The ODP doctrine and the statutory grant of PTA came together in In re Cellect, Nos. 2022-1293, 2022-1294, 2022-1295, 2022-1296, 2023 WL 5519716 (Fed. Cir. Aug. 28, 2023), where the Federal Circuit decided an appeal from the Patent Trial and Appeal Board (PTAB), which had affirmed an examiner’s rejection of four Cellect patents for ODP during ex parte reexaminations. The four patents at issue all claimed priority to a single parent patent application, but each had been granted PTA of a different length. Consequently, rather than all these patents expiring on the same day, they all expired on different days and all after a fifth patent, which also claimed priority to the same parent patent application but was not granted PTA. None of the patents had been rejected for ODP during the original prosecution, none was subject to a terminal disclaimer, and no terminal disclaimer was possible during the reexaminations because the reference patent had already expired. The Cellect patent family tree is depicted below. The four patents at issue are indicated in red; the ultimate reference patent is indicated in green.3


The question for the Federal Circuit was whether ODP is considered before or after any PTA is applied. If ODP is considered before any PTA, then, before the PTA, all Cellect’s patents would have expired on the same day based on their common claim to priority, and there would not have been an earlier-expired reference patent against which ODP could have been applied. But if ODP is considered after PTA, then the application of PTA caused some Cellect patents to expire later than others, creating the circumstances where ODP could be applied.

Cellect argued that PTA should be treated the same as PTE because both “PTE and PTA were meant to be mandatory term adjustment and extension provisions that restore patent term lost to different administrative delays.” Id. at *6. Cellect pointed out that the Federal Circuit had already held that for PTE, ODP is considered before any PTE is applied, so PTE can never create an ODP situation. See Merck & Co. v. Hi-Tech Pharmacal Co., 482 F.3d 1317, 1322-23 (Fed. Cir. 2007) (“The computation of [PTE] is from the expiration date resulting from the terminal disclaimer and not from the date the patent would have expired in the absence of the terminal disclaimer.”) and Novartis AG v. Ezra Ventures LLC, 909 F.3d 1367, 1375 (Fed. Cir. 2018) (“a PTE pursuant to § 156 is valid so long as the extended patent is otherwise valid without the extension.”). The Federal Circuit disagreed. Citing the differences in statutory language (§ 154(b) expressly states that the term of a patent cannot be adjusted beyond the expiration date specified in a terminal disclaimer) and the different statutory purposes (“PTE is designed to effectively extend the overall patent term for a single invention due to regulatory delays in product approval. PTA is designed to extend the term of a particular patent due to delays in the processing of that patent.” Cellect, 2023 WL 5519716 at *8), the Federal Circuit held that “ODP for a patent that has received PTA, regardless [of] whether or not a terminal disclaimer is required or has been filed, must be based on the expiration date of the patent after PTA has been added.” Id. at *9 (emphasis added).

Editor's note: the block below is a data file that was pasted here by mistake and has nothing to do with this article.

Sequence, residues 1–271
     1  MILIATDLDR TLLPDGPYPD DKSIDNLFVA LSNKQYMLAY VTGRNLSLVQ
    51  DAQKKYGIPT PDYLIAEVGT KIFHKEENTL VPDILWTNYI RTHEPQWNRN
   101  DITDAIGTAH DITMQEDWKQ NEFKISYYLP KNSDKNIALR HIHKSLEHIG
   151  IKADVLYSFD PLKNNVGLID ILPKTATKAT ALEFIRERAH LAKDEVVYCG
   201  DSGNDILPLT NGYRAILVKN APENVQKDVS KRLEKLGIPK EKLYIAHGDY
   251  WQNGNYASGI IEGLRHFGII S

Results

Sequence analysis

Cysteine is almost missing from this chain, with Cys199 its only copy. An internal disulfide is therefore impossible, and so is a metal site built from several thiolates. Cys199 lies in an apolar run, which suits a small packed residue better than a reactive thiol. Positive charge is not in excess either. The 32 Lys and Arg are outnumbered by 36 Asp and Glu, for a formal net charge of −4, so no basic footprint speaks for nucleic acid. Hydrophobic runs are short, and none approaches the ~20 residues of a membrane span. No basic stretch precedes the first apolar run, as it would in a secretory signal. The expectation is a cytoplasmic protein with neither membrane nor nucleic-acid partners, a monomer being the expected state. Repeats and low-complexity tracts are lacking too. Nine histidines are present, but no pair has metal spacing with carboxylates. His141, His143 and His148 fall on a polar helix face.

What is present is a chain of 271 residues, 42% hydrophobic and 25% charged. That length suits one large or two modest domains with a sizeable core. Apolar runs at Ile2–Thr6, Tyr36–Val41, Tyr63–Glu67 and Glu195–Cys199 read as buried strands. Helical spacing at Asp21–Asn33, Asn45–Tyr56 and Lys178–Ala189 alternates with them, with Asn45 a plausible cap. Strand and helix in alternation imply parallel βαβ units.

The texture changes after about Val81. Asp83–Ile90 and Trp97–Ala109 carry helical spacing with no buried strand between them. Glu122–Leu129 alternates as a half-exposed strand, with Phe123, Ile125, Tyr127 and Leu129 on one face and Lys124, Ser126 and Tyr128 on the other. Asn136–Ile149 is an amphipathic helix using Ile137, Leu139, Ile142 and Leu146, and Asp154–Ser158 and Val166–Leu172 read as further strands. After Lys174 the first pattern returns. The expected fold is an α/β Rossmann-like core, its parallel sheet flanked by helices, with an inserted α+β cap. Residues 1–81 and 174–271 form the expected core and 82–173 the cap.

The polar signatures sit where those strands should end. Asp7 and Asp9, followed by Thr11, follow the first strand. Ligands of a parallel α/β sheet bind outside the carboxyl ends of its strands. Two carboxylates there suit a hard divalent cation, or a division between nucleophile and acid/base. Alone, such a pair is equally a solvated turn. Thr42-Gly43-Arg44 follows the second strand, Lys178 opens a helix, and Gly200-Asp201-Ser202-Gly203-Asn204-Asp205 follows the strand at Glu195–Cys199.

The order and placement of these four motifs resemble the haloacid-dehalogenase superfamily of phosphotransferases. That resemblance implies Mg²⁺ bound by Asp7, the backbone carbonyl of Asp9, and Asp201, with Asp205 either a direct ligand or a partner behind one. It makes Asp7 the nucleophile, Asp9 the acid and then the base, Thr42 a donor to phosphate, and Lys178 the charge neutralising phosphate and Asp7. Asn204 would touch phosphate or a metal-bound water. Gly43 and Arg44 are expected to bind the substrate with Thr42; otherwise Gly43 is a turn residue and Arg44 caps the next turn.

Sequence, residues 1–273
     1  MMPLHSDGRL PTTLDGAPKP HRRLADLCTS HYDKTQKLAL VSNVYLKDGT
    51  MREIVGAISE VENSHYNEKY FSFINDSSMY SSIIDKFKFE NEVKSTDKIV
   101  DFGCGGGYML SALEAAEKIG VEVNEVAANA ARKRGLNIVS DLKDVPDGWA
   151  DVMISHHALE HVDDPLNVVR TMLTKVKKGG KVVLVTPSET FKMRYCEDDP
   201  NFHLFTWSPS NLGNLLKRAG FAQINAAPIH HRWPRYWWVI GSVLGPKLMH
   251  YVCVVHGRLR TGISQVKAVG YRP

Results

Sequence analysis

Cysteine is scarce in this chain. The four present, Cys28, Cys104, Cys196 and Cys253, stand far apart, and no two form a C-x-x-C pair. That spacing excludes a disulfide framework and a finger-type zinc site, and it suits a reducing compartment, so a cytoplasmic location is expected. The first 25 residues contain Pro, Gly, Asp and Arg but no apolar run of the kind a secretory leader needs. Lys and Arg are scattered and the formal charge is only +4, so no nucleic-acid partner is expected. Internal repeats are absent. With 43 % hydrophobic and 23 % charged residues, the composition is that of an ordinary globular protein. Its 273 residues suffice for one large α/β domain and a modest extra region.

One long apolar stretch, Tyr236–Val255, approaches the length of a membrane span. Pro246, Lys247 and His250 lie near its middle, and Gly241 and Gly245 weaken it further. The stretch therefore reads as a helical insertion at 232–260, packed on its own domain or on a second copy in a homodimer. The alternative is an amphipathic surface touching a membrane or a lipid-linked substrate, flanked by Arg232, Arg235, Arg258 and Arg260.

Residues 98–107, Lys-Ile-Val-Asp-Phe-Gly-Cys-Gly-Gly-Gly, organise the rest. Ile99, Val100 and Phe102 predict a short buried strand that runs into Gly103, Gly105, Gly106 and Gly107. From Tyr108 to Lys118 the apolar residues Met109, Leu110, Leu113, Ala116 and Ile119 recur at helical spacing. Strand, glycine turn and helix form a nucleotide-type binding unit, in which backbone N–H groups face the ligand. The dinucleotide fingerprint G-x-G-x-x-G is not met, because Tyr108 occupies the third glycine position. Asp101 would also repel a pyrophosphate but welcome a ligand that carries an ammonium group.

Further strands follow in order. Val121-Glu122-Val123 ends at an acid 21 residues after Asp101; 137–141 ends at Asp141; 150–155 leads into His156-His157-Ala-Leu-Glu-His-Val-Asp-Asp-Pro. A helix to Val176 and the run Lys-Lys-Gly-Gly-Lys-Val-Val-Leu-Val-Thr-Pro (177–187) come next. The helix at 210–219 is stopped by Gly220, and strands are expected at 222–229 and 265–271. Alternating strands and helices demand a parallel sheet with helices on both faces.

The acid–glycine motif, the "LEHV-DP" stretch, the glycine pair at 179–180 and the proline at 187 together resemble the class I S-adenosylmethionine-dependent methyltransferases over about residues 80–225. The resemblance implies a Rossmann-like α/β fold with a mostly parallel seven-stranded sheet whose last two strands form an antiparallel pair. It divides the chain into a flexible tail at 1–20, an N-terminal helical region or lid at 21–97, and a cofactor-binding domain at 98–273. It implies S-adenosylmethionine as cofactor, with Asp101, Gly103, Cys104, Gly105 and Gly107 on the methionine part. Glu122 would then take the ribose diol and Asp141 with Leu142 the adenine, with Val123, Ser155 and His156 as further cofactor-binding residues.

For Cellect, the holding meant that, because of the PTA, each of the four challenged patents expired later than another patent that could then serve as the reference patent, creating the situation that allowed them to be challenged for ODP. Because the reference patents had already expired, Cellect was unable to cure this situation with a terminal disclaimer.

Why this matters

In general, patentees consider the grant of PTA a good thing that adds time to their patent monopoly to account for USPTO delays. But now, before deciding to assert a patent, patent owners will want to carefully consider whether any PTA makes their patent vulnerable to an ODP challenge. If it does, they will want to decide how they plan to address that challenge, either by defending their patent on the merits (i.e., arguing that the new claims are not obvious in light of the reference claims) or, if they’re able, by filing a terminal disclaimer.

1 The formal name of the Hatch-Waxman Act is The Drug Price Competition and Patent Term Restoration Act (Public Law 98-417).

2 On average, over half of issued patents receive some PTA.

3 For some patents, the ODP reference patent was an earlier-expiring patent that had received PTA, but the invalidation of all claims under ODP can be traced back to the one patent that did not receive any PTA.



pursuant to New York DR 2-101(f)